The Coranines are associated with the only cannibalism reference of Indians in our state.
For more about this, please see “The American Indian in North Carolina“, written by Douglas Rights, page 56.
Also please note: according to the information on page 259 of this reference, the numbers of the Coree were approximately 1000 at the time of first contact with settlers. However, NCpedia quotes a number of 100 in 1701. Another source, Carolina Native Americans, mentions a war that decimated the population before 1696.
Originally, Portsmouth Village, located at the south end, was what was called a “lightering” port. It is a historic district, and no camping or cabin rentals are available in this area.
Lightering port essentially means that deep draft vessels, unable to access the shallow waters of the sounds, would lay off-shore, and shallow draft boats would take on their cargo to transport across the waters. While speaking with one of the ferry people, I was told that most of the sound only averages around 2-3 feet of water, so you can see why this was necessary.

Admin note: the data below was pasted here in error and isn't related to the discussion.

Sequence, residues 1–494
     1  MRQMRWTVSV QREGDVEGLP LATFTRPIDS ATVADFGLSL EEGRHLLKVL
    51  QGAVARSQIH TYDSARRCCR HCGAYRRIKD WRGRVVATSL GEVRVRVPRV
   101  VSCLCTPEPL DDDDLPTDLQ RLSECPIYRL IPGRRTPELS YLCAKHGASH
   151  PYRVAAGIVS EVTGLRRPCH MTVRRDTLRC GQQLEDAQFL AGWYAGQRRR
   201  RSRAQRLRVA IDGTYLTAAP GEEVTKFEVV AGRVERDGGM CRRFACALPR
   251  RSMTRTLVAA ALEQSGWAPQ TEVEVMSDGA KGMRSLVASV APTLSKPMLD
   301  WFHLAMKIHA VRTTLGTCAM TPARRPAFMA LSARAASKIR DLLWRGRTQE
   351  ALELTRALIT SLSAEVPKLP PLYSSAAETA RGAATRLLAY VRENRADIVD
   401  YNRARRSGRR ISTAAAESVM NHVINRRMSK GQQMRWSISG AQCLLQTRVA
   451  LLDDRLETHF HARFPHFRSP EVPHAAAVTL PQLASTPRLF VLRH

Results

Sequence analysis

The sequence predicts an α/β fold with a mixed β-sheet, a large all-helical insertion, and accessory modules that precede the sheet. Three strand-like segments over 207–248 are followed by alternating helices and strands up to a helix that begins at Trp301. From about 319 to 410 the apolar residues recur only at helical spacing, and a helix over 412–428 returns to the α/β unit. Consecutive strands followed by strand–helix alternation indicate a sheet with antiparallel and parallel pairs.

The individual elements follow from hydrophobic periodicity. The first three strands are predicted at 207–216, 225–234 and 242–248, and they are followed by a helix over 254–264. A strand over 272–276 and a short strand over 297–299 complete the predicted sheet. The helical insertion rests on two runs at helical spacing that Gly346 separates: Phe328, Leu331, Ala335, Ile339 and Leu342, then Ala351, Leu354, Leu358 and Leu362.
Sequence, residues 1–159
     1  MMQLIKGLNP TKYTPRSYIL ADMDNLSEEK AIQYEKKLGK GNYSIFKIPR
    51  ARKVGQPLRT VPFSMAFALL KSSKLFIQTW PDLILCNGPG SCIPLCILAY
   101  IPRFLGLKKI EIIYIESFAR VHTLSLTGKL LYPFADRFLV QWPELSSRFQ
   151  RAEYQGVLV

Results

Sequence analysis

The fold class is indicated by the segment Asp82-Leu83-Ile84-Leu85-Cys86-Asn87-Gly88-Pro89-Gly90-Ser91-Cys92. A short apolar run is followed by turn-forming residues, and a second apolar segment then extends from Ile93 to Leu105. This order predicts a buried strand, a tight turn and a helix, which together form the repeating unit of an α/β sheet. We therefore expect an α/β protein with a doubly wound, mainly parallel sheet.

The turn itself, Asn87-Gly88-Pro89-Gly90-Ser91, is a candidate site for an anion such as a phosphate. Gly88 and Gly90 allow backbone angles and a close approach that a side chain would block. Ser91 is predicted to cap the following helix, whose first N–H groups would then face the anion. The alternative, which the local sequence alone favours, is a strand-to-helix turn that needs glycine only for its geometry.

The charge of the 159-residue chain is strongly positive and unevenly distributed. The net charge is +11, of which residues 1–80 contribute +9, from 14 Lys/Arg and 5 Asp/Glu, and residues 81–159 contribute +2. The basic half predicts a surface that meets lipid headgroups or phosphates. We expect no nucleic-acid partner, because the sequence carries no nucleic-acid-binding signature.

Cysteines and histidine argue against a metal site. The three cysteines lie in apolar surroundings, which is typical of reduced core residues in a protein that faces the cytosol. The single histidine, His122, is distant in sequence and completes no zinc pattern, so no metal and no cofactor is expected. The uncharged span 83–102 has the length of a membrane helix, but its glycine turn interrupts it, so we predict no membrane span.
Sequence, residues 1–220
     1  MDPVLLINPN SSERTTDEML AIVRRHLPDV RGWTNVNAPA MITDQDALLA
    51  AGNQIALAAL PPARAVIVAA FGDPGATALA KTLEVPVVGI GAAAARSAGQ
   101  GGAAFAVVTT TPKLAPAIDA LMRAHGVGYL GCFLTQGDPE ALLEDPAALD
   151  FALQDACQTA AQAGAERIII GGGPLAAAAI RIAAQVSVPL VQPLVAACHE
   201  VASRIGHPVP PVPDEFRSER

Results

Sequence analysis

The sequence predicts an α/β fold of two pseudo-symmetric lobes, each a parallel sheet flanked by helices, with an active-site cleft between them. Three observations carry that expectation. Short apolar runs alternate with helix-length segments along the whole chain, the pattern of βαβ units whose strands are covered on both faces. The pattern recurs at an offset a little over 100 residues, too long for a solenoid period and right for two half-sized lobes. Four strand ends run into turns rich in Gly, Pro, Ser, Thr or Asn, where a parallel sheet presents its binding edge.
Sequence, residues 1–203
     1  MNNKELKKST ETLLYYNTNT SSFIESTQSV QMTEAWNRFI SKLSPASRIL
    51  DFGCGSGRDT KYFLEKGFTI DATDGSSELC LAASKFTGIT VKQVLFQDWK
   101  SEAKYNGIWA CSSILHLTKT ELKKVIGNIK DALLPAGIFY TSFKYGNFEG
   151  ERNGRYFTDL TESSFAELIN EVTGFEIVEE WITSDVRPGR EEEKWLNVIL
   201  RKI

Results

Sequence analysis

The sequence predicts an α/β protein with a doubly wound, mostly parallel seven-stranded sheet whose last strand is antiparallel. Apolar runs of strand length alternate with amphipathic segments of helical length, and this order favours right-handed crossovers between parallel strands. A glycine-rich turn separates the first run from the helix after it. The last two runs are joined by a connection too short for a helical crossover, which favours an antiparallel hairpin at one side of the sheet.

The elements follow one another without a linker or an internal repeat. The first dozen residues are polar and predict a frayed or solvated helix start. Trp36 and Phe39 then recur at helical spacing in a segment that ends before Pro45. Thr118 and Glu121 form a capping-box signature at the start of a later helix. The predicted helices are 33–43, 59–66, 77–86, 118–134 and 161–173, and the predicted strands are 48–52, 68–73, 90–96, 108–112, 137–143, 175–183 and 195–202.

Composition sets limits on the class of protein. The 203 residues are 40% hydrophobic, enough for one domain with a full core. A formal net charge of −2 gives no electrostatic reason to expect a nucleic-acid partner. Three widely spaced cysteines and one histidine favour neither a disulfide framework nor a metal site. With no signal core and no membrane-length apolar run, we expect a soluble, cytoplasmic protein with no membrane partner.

Portsmouth Village was established in 1753, and at one time, was at a peak population of 685 (1860). After hurricanes contributed to the shoaling of the port waters, and the onslaught of the Civil War, people began to relocate to the mainland, and many never returned. In 1937, the life-saving station was decommissioned, and the small post office official closed in 1959. In 1971, the last two residents, Marian Babb and Nora Dixon, left the island after the passing of their caretaker, Henry Pigott.
Although many may not realize it now, a large amount of the population was African American, having been brought in as slaves. Most of these people also left Portsmouth Island due to the war, but some residents remained. At this time, segregation was wide-spread, and due to the fact that the island did not have a school specifically for the African American population, many never received a formal education.
Below is a variety of village photos, and you can also download photos and an audio tour at this link